A recent incident of a Sequim area Alzheimer’s patient wandering away from his home and getting lost could have come to a very sad end, but thanks to a special program that the Sequim Police Department and Clallam County Sheriff’s Office are participating in, it was quickly brought to a positive resolution.
On June 29, Clifford Commeree left his home and his wife, Juanita, couldn’t find him. She called the sheriff’s department for help, and because Commeree is a client of the Project Lifesaver program in Clallam County, officers were able to come out and locate him within half an hour of their arrival.
“Project Lifesaver can be so valuable,” said Sequim Police Department representative Tiffany Banning, who helps oversee the project in the Sequim area.
According to Banning, Project Lifesaver has been available in Clallam County since 2006, when the Guerin family set up a foundation to pay for the project’s services in order to make it available to residents in the county. The program is also supported by community donations that help buy new transmitters, and the batteries for them.
A national non-profit program, Project Lifesaver isn’t available in all areas due to the costs and opt-in nature of it, but it’s been available for the last 13 years in Clallam County, and according to Banning it’s lived up to its name.
“We’ve had three cases where we’ve been called out and found the missing person,” Banning said. On average, according to Banning, the time from the call requesting help to locating the Project Lifesaver client has been just under half an hour.
Lorraine Shore, the Administrative Coordinator at the Sheriff’s Office who runs Project Lifesaver there, said that there have been five rescues through the Sheriff’s Office, all of which were under half an hour from the time of the call.
“Four of them were in dire situations,” Shore said, saying that because of the situations those people were in, more traditional search methods may have been too slow to save their lives.
The way Project Lifesaver works is fairly simple. Clients who are signed up for the service are fitted with a radio transmitter bracelet roughly the size of a watch. Each transmitter has its own unique frequency that it transmits, so when a call is made that a client is missing, officers just have to pick up the tracking equipment from the station and start searching for that client’s frequency.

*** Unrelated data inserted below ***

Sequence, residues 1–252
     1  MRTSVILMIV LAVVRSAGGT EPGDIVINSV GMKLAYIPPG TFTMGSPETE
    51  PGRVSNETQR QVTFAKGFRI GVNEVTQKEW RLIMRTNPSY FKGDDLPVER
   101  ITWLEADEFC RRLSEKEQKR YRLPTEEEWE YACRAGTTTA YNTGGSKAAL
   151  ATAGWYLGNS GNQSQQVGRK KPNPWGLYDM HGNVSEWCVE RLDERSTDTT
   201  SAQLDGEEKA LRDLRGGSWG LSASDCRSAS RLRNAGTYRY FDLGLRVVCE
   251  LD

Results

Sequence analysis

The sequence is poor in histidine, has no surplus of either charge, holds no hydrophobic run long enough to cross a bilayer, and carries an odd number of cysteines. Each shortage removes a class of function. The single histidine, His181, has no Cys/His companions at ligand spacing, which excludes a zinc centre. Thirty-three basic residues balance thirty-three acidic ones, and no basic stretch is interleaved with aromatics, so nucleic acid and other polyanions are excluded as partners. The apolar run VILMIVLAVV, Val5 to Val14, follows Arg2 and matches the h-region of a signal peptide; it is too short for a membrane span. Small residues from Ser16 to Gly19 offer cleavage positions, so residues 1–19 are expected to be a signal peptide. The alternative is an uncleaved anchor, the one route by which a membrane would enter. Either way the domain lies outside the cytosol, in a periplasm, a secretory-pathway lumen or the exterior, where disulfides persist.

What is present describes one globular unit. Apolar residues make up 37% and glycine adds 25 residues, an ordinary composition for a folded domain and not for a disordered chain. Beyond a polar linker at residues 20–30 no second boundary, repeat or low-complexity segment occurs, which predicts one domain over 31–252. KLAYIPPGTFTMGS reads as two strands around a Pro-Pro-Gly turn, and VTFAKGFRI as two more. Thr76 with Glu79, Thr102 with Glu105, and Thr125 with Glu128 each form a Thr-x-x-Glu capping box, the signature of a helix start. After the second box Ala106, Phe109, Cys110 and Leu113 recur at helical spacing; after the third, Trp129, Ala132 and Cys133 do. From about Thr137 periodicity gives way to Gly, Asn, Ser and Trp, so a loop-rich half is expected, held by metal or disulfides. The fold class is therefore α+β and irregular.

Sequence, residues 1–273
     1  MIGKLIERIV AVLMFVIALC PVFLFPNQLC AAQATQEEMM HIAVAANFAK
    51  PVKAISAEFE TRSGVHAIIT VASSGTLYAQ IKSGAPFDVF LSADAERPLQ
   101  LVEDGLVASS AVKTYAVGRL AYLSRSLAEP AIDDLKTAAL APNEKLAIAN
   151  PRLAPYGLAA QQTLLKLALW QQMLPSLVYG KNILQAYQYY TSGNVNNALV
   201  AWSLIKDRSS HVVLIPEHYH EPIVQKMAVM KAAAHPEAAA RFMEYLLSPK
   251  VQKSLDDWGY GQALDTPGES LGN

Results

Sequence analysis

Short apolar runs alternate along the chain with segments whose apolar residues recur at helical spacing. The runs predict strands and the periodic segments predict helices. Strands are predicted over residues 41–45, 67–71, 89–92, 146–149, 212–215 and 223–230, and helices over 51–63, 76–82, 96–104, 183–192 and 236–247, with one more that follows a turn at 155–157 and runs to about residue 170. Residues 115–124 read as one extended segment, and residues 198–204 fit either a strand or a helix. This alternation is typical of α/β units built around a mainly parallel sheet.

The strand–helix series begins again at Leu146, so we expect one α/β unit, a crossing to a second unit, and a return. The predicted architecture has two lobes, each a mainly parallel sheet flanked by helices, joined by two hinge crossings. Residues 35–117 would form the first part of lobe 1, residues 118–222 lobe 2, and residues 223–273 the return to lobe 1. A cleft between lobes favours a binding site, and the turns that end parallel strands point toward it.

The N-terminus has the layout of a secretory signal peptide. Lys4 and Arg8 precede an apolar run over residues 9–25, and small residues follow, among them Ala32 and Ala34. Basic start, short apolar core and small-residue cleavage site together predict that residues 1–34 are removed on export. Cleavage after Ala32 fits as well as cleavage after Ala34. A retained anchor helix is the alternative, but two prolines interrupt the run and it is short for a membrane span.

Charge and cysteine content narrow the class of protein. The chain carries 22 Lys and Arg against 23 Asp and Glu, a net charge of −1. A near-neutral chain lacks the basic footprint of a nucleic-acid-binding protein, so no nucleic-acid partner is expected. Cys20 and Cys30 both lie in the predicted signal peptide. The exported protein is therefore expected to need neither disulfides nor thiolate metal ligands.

Sequim Police Department officers are trained on how to use the equipment by Maris Larsen, the department officer that has been trained and certified herself by s Project Lifesaver representative. She also trains volunteers who go out and change the batteries in the clients’ transmitters, which are replaced once every 30 days in order to keep operating.
According to Shore, Deputy Matt Murphy is their official Sheriff’s Office instructor for the program, with Sergeant Ed Anderson overseeing the execution and maintenance of the program in the west end of the county.
The Sequim Police Department covers the Sequim area, plus out west to Deer Park Road. The Clallam County Sheriff’s Office covers from Deer Park Road all the way out west to Forks. According to Banning, the Sequim Police Department currently has 13 Project Lifesaver clients, while Shore says that the Sheriff’s Office typically has around 10.
Becoming a client is relatively inexpensive — a one-time $50 fee for the transmitter — but the requirements and paperwork are a little more comprehensive.
“It’s a pretty involved application process,” Banning said. “It’s a 16-page application, and it covers everything.”
Banning says that potential Project Lifesaver clients need to have a medical basis for signing up. Conditions that make someone prone to wandering and forgetting what they’re doing or where they are are obvious factors, and that can even apply to residents of assisted living facilities.
Shore said that children with conditions like Down Syndrome or serious cases of autism where similar wandering can happen can also qualify for Project Lifesaver.
More than that, though, potential clients need to already be monitored by a caretaker or similar setup.
“There needs to be a caretaker, or a family member or some combination of those with a client at all times,” Banning said. The idea of Project Lifesaver, she added, isn’t that the program takes over monitoring someone who needs help, but to provide an extra layer of safety in case something does go wrong.
The application also asks for some relatively personal information about the potential client — things like what they like, their nicknames, their general attitudes and what irritates them. This is to help officers be able to better handle the person they’re looking for should they need to, because anything that lessens the potential concern of strangers in police uniforms approaching them can help ease the end of a search when a person is found, helping them feel more comfortable and secure while they get checked on and taken home.